Have you seen Swift Parrots (2024)

Swift Parrot (G.Dabb)

In the past years, between end of March and beginning of May, Swift Parrots visited the Mt Majura nature reserve. In 2005 and 2008, a record number of the critically endangered species was observed in the reserve around the lower Hackett water reservoir off Rivett street in Hackett feeding on nectar of Bundy and lerp (the sugary protection cover of sap sucking insects).We are keen to know whether they return this year.

The Swift Parrot’s very specific breeding requirements places the species at high risk with habitat loss due to native logging in Tasmania. New research conducted by the Australian National University confirmed fears, the population of the critically endangered species declined to as few as 500 individuals in the wild.

Swift Parrots are small (24cm) and bright grass green in colour. They have patches of red on the throat, chin and forehead, which are bordered by yellow. They have red on the shoulder and under the wings and blue on the crown, cheeks and wings. A distinctive alarm call of kik-kik-kik usually given while flying, a streamlined body, a long tail and flashes of bright red under the wing enable the species to be readily identified.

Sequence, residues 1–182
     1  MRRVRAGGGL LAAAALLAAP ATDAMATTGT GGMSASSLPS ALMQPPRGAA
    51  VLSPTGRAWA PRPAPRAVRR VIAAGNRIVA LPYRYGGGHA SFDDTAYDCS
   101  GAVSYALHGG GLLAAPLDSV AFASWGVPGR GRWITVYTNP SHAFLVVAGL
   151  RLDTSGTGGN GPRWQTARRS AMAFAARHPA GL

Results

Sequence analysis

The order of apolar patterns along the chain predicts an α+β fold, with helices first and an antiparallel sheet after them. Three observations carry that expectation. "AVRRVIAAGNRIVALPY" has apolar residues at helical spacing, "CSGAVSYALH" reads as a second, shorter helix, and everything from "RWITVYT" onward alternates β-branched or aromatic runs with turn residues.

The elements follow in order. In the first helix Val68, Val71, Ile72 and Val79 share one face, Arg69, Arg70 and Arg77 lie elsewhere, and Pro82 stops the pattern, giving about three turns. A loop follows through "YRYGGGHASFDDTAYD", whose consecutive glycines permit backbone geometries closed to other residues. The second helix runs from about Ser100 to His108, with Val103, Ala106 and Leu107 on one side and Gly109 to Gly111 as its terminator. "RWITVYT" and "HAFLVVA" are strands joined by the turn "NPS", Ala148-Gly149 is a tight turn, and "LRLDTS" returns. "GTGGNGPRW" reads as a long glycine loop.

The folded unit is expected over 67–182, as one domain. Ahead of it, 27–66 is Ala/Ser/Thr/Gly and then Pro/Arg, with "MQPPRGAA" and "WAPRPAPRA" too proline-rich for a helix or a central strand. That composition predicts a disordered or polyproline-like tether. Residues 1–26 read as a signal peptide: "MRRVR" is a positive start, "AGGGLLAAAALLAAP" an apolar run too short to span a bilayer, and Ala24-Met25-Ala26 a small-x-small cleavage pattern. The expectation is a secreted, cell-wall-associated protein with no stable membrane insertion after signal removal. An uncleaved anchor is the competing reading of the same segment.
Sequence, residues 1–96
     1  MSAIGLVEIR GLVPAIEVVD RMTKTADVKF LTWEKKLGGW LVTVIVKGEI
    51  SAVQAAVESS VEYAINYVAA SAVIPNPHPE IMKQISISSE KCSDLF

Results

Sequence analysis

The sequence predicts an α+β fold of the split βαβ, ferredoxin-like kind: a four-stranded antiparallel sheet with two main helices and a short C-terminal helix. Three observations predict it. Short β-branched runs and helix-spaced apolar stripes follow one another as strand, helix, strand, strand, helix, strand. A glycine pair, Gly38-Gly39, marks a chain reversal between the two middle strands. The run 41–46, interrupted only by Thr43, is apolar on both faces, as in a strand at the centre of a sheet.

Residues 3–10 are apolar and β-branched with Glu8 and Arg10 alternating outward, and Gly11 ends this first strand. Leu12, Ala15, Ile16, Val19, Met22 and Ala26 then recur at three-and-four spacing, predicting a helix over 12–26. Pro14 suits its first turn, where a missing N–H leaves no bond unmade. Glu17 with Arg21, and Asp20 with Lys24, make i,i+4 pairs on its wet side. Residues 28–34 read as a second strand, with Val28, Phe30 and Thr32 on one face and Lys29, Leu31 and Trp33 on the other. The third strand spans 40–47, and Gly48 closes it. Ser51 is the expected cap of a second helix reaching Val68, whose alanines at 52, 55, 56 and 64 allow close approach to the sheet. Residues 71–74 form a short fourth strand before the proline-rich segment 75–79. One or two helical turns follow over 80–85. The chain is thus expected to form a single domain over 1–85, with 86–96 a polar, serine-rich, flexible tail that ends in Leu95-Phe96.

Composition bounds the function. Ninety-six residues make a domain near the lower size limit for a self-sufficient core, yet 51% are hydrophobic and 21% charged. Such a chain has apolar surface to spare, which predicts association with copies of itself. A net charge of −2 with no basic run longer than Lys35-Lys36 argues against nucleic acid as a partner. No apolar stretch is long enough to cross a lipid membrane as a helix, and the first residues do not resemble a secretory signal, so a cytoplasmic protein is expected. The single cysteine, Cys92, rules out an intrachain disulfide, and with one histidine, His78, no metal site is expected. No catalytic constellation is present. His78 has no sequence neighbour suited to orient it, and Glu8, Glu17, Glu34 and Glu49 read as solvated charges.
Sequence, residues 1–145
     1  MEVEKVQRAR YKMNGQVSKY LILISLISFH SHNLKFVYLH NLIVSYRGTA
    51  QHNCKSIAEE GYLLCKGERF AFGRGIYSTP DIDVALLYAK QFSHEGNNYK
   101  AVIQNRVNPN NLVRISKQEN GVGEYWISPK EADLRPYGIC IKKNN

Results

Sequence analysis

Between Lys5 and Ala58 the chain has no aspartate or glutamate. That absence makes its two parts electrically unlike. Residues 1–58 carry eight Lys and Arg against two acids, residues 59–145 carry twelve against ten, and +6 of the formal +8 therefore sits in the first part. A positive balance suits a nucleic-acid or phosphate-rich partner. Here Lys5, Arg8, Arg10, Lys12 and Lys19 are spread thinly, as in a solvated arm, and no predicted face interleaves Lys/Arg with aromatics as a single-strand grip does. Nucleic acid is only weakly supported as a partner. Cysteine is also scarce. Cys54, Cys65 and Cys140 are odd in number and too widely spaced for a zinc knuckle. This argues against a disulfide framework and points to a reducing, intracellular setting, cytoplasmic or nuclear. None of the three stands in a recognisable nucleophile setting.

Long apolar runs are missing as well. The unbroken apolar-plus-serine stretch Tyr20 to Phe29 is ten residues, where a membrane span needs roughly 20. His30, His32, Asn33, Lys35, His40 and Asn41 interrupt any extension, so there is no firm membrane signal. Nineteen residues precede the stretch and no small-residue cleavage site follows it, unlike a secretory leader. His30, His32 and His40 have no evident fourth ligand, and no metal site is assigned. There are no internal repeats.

Swift Parrots breed in Tasmania and migrate to mainland Australia in autumn. During winter, the parrots are semi-nomadic, foraging in flowering eucalypts mainly in Victoria and New South Wales; small numbers are occasionally recorded in the ACT, south-eastern South Australia and southern Queensland.

Please contact Friends of Mt Majura at secretary@majura.org if you observe a Swift Parrot. We would be interested in the date, the time of the day, the location and the number of birds; if you have any photographic evidence please record on Canberra Nature Map.

You can also take part in the annual Swift Parrot Survey held from Saturday, 20 April 2024 to  Sunday, 25 August 2024. Further details and registration: 2024 Swift Parrot Survey

Swift Parrot juvenile (G. Dabb)

Critically Endangered Swift Parrot

Federal Department of Climate Change, Energy, the Environment and Water: Species Profile and Threats Database

In regard to a Recovery Plan, the Department states: “Plan Decision Recovery Plan required, this species had a recovery plan in force at the time the legislation provided for the Minister to decide whether or not to have a recovery plan (19/2/2007).”

The parrots may have gone extinct by the time the minister finds the time to decide…


The Guardian: Watching extinction in real time

ABC: Swift parrots still in peril, despite revised numbers of surviving birds due to new counting method

Photographs of Swift Parrots shown on this page were taken on Mount Majura by Geoffey Dabb.

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